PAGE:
Roger P. Levin, DDS, explains how the Internet and digital media have altered the marketing landscape for dentists.
Q: How has dental marketing changed in the recent years?
A: Frankly, when I first went into practice in 1982, most dentists had little interest in marketing. There were more than enough patients to go around, so why spend money on advertising and other marketing activities? Gradually, dentists began to market their practices, and then the picture changed dramatically—and permanently—when the Great Recession hit. Along with other game changers that impacted the dental economy at the same time, the recession suddenly made marketing a priority for many thousands of practices across the country. Coincidentally, just as proactive practice owners were getting up to speed in marketing communications, the ground rules changed. Old media gave way to new media. Print ads, yellow pages, and direct mail looked ineffective and expensive compared with websites, online directories, and email. Even word-of-mouth advertising, such as patient referrals, has become supercharged thanks to social media. In short, dental marketing has changed totally since 2008.
Q: Where should dentists begin with today’s marketing?
A: When I advise dentists about marketing, I speak about perception and reality. The reality is the actual dental office—the doctor, staff, and the procedures performed there. It’s all very real. But today, before prospective patients experience that reality, they will encounter the practice’s online presence. Digital words and images found online will shape these patients’ perception of the practice, and if their impression is weak or negative, the practice has already lost out to the competition. Being a great dentist and providing excellent patient care won’t lead to success unless those qualities are readily apparent in the practice’s online presence. Once dentists understand this, they can begin filling in the digital marketing components that will soon bring actual patients through their practices’ front doors.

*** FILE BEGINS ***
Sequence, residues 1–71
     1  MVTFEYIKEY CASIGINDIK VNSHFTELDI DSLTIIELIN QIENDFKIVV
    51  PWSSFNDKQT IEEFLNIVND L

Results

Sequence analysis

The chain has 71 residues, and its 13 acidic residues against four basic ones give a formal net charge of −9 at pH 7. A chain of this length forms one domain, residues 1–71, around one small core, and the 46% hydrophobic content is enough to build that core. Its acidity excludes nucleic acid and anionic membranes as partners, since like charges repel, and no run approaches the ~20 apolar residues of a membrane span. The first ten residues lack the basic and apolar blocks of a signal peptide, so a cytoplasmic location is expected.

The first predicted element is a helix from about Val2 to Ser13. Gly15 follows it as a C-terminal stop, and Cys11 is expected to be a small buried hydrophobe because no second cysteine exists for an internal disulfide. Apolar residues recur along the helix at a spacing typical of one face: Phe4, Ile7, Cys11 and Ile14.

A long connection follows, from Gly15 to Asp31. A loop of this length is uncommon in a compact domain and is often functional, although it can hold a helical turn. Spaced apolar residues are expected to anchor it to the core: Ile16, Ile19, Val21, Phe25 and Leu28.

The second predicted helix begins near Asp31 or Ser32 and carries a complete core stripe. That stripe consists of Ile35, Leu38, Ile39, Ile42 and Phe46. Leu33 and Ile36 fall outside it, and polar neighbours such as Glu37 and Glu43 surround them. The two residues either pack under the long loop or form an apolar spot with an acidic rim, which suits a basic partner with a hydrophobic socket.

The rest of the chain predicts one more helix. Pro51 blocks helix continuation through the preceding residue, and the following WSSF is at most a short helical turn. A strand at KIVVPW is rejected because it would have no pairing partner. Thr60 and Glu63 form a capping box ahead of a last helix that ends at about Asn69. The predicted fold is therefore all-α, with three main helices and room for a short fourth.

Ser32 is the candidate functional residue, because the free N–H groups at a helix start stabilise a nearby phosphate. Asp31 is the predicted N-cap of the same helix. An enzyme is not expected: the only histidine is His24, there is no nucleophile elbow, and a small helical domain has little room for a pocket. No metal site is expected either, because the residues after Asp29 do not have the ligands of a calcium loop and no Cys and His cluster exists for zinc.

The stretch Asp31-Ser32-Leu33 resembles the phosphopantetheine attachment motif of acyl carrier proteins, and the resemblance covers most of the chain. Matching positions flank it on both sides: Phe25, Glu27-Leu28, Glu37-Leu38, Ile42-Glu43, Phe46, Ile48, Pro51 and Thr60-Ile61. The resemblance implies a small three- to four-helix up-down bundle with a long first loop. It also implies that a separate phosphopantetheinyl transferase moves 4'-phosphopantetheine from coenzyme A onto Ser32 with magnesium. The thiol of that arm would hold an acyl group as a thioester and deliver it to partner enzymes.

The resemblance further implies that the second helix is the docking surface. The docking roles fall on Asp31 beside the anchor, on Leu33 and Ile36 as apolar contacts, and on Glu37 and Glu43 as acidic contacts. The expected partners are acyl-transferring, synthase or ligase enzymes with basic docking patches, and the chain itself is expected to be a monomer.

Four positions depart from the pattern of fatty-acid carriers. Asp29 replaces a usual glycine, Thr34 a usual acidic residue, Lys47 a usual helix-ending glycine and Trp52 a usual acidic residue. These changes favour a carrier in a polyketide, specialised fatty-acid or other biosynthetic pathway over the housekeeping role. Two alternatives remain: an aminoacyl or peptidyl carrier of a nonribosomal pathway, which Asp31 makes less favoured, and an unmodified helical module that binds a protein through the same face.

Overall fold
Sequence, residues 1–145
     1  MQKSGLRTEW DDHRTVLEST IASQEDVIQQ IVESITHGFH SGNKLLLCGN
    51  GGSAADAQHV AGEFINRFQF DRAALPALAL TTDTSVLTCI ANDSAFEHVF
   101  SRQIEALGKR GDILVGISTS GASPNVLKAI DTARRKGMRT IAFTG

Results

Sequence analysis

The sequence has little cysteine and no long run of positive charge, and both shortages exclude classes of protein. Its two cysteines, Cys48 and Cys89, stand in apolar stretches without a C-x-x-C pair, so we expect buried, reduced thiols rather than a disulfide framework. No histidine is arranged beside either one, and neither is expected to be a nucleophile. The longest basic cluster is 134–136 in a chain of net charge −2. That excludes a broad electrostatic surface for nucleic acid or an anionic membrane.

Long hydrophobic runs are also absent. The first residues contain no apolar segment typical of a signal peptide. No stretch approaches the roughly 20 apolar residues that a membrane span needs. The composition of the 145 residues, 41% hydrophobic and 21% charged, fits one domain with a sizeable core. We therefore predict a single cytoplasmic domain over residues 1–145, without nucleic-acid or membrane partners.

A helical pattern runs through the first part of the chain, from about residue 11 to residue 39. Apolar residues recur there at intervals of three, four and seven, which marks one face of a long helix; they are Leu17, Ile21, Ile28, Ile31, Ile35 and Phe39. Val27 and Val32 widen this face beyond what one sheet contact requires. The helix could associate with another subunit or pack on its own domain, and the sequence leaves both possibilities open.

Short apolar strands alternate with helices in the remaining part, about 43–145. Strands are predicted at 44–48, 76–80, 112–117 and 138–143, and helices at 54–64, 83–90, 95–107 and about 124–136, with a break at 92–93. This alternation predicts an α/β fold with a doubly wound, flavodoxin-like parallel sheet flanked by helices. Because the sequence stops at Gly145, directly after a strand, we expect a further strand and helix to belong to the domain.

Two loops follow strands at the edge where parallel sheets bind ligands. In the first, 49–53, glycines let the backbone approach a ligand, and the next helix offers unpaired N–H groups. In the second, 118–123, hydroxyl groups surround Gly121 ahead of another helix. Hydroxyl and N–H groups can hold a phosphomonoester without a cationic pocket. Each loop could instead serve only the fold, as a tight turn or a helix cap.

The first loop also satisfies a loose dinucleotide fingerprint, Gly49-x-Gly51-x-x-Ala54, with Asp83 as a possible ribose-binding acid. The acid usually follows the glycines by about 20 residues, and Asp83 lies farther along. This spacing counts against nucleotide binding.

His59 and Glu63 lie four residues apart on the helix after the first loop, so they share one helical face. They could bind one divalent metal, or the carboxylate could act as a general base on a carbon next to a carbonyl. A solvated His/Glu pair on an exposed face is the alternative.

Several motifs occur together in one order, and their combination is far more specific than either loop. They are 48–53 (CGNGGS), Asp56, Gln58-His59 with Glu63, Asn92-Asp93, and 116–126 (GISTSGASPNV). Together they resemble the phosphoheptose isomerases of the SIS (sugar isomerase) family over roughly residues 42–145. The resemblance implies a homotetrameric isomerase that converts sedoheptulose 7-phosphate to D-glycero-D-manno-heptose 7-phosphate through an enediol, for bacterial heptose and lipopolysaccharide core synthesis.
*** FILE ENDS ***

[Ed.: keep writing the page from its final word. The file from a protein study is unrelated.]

Q: What are these digital marketing components?
A: The most important online element is the practice website, because it provides the full story, the most detailed picture of the practice. Visitors to the site can see the doctor and staff, read about their professional credentials, get a preview of the facility, learn the practice’s philosophy, review all the services available, read testimonials, and so on. It provides a wonderful opportunity to persuade patients to call for an initial appointment. And, if the website includes up-to-date news about oral healthcare, the practice and staff, or if it includes interesting blog posts, it will also strengthen patient relationships and loyalty. Of course, the greatest website in the world won’t do much good if nobody sees it. That’s why the next priority is to develop digital strategies to lead people to the site.
Q: Please share some examples of digital marketing strategies.
A: First and foremost is search engine optimization, or SEO. It’s a technical process that should be handled by an expert, but the idea is simple—making a website catch the attention of and “impress” search engines like Google, Bing, and Yahoo. When patients do an online search for a dental practice, dentists who’ve invested in excellent SEO will come up high on the list of search results, get more hits, and, if the website is well-made, attract more new patients.